1937 Ford Cabriolet white wall centered

Like that!

1937 Ford Cabriolet exhaust

Since I got the car up in the air it’s time to attend to the exhaust system. A stock single exhaust is no way to treat a flathead engine. The plan is for an all new dual exhaust with remote electric openers. It may be fun to make a little noise from time to time. The short glass packs should ensure a nice rumble from said flathead when going through the 1939 syncromesh transmission during cruising…and cruise we will !

 

1937 Ford Cabriolet stainless pipes

Instead of adding chrome extensions to the rear of an exhaust i opted for 1 1/2 inch stainless pipes for the last bit of the exhaust. As you can see I had to test polish and it will look good when done.

I have another hot rod to work on so…more later…

Let’s continue on Project ’37 Ford

As spring is fast approaching the pressure is on to get the Cabriolet ready.

Whitewall, dual exhaust, side mirror, full service and other small things will make this a nice cruiser. So let’s get started:
1937 Ford Goddies

Santa came early…or late…depending on if you are a glass half full or half empty kinda person. As much as I like things with a little patina and some history I also have a soft spot for nice new chromie thingies!! Outside mirrors, glove box, radiator cap, tank lid, battery holder downer (technichal term) and more.

1937 Ford Cabriolet Torpedo with mirrors

Mirrors installed. The enclosed hinge pin did not fit these hinges so I just made a pin. With the small back window in the convertible top the mirrors will be a welcome addition. The glass in these reproduction mirrors are not wide angle so they are still limited in what you can see. We will see how well they work once on the road. BTW: Check out that super cool torpedo hood!! This baby is sporting some LINES !!

1937 Ford Cabriolet Whitewalls.jpg

Man, Santa came again. He is a busy man…in the middle of April. Probably bored…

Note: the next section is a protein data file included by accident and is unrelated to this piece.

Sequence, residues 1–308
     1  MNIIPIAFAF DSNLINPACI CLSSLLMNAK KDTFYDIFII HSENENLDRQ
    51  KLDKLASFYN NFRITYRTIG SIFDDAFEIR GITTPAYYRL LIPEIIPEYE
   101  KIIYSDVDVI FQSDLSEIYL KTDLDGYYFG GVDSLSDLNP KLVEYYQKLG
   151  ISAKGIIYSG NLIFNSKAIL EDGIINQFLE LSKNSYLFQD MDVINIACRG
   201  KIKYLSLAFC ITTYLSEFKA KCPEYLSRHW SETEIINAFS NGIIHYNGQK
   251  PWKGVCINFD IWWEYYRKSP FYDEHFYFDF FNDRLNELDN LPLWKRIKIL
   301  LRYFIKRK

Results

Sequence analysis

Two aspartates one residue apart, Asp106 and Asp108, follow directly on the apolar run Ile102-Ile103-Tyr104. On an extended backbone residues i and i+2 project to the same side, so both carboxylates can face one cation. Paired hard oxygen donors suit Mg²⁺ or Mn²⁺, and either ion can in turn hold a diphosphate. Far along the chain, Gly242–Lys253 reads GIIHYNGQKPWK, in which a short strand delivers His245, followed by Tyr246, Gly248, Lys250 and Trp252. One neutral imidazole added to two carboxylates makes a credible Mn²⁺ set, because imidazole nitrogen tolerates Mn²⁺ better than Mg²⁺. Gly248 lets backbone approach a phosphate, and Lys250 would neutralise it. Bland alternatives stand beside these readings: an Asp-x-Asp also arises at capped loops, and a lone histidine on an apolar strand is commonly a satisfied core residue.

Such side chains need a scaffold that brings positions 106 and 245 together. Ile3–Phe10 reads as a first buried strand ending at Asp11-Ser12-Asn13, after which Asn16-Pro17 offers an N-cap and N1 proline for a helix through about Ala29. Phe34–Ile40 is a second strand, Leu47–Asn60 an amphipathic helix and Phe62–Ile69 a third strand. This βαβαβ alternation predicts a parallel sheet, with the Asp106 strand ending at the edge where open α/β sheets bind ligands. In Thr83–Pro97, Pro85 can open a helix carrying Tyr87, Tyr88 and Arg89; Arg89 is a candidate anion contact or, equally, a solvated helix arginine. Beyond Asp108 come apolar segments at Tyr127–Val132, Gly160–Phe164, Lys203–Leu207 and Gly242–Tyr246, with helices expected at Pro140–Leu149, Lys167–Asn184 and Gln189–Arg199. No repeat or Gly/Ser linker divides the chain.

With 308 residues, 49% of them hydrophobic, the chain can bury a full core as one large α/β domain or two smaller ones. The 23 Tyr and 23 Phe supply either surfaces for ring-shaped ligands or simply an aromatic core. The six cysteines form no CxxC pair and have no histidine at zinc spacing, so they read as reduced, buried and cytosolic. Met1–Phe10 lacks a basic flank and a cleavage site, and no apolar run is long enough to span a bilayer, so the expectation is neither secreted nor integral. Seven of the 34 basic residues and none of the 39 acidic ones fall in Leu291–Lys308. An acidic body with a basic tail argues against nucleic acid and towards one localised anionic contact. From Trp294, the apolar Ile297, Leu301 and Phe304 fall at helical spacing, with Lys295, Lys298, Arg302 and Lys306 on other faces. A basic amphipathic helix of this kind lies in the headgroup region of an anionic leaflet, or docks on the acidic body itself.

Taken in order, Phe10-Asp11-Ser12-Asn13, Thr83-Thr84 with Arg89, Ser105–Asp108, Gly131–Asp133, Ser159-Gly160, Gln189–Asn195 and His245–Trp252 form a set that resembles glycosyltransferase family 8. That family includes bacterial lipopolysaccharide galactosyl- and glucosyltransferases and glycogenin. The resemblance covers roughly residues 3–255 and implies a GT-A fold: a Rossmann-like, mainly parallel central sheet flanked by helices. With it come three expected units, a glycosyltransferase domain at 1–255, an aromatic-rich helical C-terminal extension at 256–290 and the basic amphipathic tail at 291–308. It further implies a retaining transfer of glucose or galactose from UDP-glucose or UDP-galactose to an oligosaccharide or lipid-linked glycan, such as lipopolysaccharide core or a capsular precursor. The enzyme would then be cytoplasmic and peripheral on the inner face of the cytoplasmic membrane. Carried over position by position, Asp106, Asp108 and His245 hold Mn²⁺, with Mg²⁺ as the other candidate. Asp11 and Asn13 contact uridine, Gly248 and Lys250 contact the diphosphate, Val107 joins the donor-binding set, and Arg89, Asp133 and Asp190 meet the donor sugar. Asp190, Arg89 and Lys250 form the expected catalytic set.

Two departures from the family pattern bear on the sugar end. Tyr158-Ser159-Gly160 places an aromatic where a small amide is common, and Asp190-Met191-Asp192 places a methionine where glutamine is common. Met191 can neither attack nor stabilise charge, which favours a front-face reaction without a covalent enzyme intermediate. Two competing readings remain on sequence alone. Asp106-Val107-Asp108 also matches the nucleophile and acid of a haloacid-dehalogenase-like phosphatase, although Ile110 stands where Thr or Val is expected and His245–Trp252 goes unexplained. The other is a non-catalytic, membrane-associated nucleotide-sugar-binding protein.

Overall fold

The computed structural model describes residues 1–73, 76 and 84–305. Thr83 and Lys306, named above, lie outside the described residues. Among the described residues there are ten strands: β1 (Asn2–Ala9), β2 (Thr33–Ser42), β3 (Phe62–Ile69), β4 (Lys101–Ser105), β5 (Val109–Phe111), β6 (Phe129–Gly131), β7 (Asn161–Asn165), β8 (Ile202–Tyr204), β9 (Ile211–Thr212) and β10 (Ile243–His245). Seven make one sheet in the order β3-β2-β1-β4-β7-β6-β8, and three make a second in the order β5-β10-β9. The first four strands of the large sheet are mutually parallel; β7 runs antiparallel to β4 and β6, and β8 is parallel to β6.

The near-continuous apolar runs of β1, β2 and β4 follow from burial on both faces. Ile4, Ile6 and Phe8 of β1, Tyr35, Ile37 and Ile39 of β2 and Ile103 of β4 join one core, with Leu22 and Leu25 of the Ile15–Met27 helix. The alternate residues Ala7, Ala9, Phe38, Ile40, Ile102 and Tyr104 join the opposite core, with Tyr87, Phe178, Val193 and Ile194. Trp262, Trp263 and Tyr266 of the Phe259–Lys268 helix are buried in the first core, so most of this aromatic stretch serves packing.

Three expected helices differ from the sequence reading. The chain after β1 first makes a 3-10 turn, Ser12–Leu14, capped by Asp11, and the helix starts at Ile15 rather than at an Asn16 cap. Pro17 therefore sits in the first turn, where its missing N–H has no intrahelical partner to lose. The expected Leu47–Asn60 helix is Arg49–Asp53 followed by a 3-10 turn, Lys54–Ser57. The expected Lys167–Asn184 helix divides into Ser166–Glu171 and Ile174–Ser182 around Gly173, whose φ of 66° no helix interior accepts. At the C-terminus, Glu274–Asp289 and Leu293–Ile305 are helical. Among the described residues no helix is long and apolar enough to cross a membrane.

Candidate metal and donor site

This time he brought snow white colored white wall tyres. How nice! As much as a car like this is predictable with white walls I still think they will be the cat’s pajamas on this maroon cabriolet. I plan to powder coat the wheels black and add a nicer Mercury style cap. I will keep the trim rings as well. Reliable sources tells me that more chrome and shiny stuff makes the car run better, faster and smoother. Honest!

1937 Ford Cabriolet tank lid

 The lockable filler cap is a nice option but what an ugly contraption, eh?
I opted for a smooth new one.

1937 Ford Cabriolet new tank lid
Mo betta! Strange reflection, though!

 

1937 Ford Cabriolet glove box

 There would not be a place to put my gloves unless there is a glove box.
I got this snazzy reproduction part but I realized quickly why the restorer/builder did omit it. They worked really hard on making the car look original. The original car did not have a voltage regulator but the more contemporary ABA flathead came with a generator that uses the more reliable but separate voltage regular. By now you have figured out where they hid said voltage regulator. Yup, where the glove box goes.

I have to move the regulator, maybe even to the engine compartment as it is not a big deal to me if the car looks totally stock. I do however like a place to put my gloves!

 Mo later…